Attracting and developing talent – how does our sector shape up?

Great leaders and great organisations go together. It’s difficult to find examples of one without the other.

Alan Lewin, Board Member at Hundred Houses Society

Alan Lewin, Board Member at Hundred Houses Society

13 May 2019

Traditionally, an organisation’s leader is the CEO, the figurehead. But increasingly, the expectation is that boards provide the strategic direction of the organisation. In both cases the need to attract, develop and retain the right people for the business has never been more important, but is this something we are really giving sufficient priority to?

The introduction of fixed-term contracts for board members has marked a change in the approach to recruiting and developing talent at board level. Board members are now assessed for their skills and contribution and subject to annual appraisal reviews. There is no doubt that boards are far better resourced and professional in their approach compared to a decade ago, but have we now stopped improving?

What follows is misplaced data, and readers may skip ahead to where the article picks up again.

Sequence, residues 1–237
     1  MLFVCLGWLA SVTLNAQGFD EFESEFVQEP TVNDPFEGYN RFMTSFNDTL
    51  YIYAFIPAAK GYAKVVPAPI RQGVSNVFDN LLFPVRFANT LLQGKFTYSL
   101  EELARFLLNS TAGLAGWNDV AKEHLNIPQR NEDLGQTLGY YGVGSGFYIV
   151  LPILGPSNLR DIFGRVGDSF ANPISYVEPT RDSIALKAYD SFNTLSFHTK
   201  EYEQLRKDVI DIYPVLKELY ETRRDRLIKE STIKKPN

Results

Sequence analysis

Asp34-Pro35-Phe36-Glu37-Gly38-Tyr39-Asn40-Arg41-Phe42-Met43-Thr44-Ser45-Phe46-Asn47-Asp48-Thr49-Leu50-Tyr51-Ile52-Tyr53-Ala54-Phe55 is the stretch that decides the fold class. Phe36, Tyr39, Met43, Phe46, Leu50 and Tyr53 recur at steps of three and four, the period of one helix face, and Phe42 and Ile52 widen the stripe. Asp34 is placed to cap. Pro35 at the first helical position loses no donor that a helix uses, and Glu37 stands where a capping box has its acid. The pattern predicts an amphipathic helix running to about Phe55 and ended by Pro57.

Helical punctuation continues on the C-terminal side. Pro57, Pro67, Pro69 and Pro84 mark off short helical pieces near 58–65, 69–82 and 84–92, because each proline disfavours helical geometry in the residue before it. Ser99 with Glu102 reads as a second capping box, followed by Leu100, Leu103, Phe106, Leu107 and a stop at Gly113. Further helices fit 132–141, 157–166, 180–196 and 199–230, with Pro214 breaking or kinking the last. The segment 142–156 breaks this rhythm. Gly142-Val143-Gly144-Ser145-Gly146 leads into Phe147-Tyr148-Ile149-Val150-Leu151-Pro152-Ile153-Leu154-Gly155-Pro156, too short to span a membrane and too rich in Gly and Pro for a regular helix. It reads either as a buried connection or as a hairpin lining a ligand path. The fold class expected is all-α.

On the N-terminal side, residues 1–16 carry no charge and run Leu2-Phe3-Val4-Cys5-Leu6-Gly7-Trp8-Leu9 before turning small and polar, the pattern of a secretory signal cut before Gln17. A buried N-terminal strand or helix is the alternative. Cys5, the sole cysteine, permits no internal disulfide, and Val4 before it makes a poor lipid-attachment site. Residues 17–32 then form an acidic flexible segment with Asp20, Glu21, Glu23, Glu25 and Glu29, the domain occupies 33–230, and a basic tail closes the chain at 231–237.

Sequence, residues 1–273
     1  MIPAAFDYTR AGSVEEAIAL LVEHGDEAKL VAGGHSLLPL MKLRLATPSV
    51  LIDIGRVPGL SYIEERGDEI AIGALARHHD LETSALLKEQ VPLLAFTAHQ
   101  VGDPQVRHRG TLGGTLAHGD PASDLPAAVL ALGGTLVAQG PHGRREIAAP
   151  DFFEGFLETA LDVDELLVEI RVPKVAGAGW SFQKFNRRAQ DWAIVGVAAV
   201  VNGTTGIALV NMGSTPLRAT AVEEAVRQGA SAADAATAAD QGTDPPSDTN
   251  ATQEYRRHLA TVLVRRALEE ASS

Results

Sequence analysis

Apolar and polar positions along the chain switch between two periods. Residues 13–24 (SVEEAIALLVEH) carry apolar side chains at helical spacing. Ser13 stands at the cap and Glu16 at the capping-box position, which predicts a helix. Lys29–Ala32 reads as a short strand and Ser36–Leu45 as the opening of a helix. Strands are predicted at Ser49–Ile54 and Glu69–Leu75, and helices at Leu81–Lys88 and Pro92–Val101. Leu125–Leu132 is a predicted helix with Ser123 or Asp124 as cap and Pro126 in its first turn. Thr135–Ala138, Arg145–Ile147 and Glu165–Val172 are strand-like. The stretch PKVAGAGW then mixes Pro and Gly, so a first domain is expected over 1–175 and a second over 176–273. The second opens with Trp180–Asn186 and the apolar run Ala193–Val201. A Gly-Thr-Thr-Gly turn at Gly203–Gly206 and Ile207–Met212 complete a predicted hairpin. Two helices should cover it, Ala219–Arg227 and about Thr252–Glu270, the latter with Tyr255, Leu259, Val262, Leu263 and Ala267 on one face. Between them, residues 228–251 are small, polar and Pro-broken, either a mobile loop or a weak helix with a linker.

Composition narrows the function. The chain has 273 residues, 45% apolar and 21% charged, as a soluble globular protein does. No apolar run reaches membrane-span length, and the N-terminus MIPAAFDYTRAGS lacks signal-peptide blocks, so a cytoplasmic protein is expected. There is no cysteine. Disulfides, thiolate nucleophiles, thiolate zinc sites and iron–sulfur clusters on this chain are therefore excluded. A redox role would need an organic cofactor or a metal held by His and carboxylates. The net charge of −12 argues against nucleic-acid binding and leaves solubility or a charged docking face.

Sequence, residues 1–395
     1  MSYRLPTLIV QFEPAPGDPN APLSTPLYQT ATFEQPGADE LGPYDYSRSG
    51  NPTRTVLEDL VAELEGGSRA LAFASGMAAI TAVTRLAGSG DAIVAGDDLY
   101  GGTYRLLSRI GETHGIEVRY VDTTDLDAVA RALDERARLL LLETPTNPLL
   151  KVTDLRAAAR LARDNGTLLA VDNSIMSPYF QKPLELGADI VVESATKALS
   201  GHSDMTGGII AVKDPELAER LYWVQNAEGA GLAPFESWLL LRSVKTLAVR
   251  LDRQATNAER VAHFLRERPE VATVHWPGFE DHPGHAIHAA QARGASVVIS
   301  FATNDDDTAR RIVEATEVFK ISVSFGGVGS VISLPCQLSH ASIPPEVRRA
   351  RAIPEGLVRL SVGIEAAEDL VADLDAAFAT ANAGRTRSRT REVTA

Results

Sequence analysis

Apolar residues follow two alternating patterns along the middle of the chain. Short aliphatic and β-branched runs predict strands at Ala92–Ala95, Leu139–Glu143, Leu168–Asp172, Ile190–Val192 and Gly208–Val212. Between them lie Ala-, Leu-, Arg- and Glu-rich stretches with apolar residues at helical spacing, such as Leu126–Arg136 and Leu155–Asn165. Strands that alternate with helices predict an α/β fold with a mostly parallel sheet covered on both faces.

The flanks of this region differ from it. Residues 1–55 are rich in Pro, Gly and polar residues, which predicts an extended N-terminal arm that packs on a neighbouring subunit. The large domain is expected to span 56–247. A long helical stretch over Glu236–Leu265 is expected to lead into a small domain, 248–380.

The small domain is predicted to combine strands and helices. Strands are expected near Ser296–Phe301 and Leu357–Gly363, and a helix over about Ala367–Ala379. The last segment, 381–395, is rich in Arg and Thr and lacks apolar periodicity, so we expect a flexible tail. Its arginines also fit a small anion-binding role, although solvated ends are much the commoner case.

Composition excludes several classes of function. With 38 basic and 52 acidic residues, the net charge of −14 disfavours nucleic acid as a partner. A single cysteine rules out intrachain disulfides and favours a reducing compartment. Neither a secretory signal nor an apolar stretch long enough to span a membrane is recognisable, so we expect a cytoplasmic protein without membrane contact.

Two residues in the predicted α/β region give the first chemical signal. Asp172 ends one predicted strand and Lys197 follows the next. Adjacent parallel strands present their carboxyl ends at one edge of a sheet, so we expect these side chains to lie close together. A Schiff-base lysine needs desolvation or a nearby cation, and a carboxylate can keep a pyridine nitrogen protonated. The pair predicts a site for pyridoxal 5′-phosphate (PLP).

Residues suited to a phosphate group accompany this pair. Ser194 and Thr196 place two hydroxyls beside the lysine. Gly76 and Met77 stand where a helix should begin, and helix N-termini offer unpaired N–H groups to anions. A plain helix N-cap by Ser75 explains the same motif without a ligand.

When was the last time your board compared itself to the governance of another successful business? Do we use our community networks to understand the perception and positioning of our organisation beyond the housing sector? These questions are increasingly important in an environment where housing providers are often seen as ‘lazy, self-congratulatory or out-of-touch’, and therefore present a strategic risk to the organisation. Self-awareness is one of the key attributes of a great leader, so surely our boards should ensure that is a collective skill and something we're challenged on.

In response to such challenges, housing organisations have increasingly sought out executive leaders with a range of skills and experience, particularly in the ‘commercial’ sector. How we define the right ‘commercial’ fit for our organisation is crucial when seeking to answer that question.

Recruiting an innovative and entrepreneurial leader may not be the best fit if your organisation is focused on addressing issues around regulation and compliance, but as systems and structures evolve there may be a need to review that fit on a regular basis.

The introduction of fixed terms for board members has enabled the evolution of boards to take place through that mechanism. Assessing the appropriate skills mix for the executive to meet the future demands of the business should also be a key consideration for the board and part of your annual strategic review.

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